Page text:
Radiofrequency Ablation
A doctor with a patient’s x-ray film

Radiofrequency (RF)  is a therapy using a small needle to apply electricity and heat to a very precise target point along the spine. Once your physician has identified you as a potential candidate for RF, you will undergo a series of “test blocks.”these tests box use local anesthetic (like what your dentist uses to numb your teeth) to temporarily “turn off” the painful signals coming from the nerves. If you feel better (at least 50% better and hopefully even more) immediately after the block, then there is a very good chance that you will also respond to the RF procedure.

After successful test blocks, the RF procedure is done. It is done as an outpatient, usually in your doctor’s office. Your doctor will use low voltage electricity to make sure the needles are placed in the best position possible. Next, more local anesthetic is administered so that the RF prodedure will be as painless as possible. The procedure usually lasts from 15 minutes to a half hour. Mild pain relievers are sometimes required after the procedure.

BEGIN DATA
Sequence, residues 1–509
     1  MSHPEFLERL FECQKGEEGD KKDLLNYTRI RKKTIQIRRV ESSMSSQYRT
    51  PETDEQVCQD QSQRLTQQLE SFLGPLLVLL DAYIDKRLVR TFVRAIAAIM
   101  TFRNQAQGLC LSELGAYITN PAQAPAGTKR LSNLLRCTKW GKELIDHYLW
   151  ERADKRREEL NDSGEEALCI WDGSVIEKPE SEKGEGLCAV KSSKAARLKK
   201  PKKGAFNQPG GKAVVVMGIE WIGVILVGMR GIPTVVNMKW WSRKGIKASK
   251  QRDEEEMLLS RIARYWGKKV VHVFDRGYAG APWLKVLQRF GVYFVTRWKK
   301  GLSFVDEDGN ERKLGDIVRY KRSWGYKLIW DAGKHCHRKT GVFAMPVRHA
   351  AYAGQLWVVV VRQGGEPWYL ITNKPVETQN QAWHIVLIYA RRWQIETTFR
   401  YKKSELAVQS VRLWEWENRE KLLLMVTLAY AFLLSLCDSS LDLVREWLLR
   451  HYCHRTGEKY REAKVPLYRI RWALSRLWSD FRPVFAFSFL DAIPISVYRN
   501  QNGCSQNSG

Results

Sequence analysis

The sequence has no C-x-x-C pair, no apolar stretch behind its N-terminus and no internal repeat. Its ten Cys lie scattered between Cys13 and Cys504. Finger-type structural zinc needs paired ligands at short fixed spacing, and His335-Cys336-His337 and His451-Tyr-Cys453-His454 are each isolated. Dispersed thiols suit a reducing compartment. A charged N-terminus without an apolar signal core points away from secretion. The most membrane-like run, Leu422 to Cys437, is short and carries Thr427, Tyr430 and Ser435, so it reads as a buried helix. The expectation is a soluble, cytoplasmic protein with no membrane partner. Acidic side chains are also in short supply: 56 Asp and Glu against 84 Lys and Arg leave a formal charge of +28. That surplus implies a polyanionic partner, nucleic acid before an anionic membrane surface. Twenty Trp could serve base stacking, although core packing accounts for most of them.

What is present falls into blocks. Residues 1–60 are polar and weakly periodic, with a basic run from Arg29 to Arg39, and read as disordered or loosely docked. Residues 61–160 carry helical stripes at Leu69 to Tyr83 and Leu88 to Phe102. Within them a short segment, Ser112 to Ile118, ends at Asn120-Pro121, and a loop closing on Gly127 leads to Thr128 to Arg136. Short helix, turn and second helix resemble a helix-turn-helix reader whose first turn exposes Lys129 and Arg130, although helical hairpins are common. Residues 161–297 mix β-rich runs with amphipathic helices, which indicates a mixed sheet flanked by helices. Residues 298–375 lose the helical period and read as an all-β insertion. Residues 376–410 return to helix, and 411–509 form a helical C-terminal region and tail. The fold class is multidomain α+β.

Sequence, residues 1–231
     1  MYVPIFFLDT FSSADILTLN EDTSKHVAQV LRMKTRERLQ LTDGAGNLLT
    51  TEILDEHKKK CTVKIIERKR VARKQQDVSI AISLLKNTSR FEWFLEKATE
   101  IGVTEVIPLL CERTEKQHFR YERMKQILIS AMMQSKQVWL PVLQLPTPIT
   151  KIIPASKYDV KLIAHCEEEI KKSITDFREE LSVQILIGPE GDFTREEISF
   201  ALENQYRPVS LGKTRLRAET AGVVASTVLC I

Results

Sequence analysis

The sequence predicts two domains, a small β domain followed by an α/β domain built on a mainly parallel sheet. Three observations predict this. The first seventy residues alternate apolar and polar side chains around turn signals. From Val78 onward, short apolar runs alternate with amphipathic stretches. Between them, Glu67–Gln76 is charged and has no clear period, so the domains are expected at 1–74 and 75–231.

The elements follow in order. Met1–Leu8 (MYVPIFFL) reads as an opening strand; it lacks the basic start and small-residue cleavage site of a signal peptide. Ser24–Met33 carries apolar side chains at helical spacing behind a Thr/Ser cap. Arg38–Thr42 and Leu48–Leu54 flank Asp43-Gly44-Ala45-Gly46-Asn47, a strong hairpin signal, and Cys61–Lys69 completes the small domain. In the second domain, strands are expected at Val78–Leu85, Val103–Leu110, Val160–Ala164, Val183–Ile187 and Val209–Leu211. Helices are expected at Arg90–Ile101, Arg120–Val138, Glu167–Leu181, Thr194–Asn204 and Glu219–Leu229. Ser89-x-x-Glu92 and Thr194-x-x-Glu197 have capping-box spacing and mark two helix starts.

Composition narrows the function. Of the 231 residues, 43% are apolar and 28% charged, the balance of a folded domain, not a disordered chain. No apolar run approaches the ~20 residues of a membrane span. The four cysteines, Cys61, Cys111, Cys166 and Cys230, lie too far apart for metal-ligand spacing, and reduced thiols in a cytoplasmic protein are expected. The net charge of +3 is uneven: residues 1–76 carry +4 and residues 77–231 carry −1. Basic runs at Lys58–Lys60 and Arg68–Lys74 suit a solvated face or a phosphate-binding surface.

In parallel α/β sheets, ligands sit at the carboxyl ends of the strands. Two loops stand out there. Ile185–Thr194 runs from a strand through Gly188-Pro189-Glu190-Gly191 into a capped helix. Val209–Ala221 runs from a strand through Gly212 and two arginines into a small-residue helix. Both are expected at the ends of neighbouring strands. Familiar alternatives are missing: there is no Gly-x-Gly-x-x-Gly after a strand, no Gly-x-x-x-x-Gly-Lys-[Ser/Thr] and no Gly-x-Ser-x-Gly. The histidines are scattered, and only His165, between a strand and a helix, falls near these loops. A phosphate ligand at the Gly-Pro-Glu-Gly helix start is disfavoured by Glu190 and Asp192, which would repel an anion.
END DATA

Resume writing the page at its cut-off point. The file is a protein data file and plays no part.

It may take several weeks for the RF procedure to take effect. You will usually have a follow-up appointment one or two months after the procedure to discuss the results. Radio frequency is not eight “permanent cure.”  Actually, one of the benefits of RF is that it does not permanently destroy the nerve. This allows the nerve to grow back very slowly over time so that painful “neuromas” (tangled  nerve fibers)  don’t form along the nerve. Well nerve regrowth does mean that the pain will also return, the RF procedure can simply be repeated when the pain comes back. The relief from RF can last from months to years in some cases.

Ask your physician if you are a candidate for this simple and effective treatment for chronic spinal pain.

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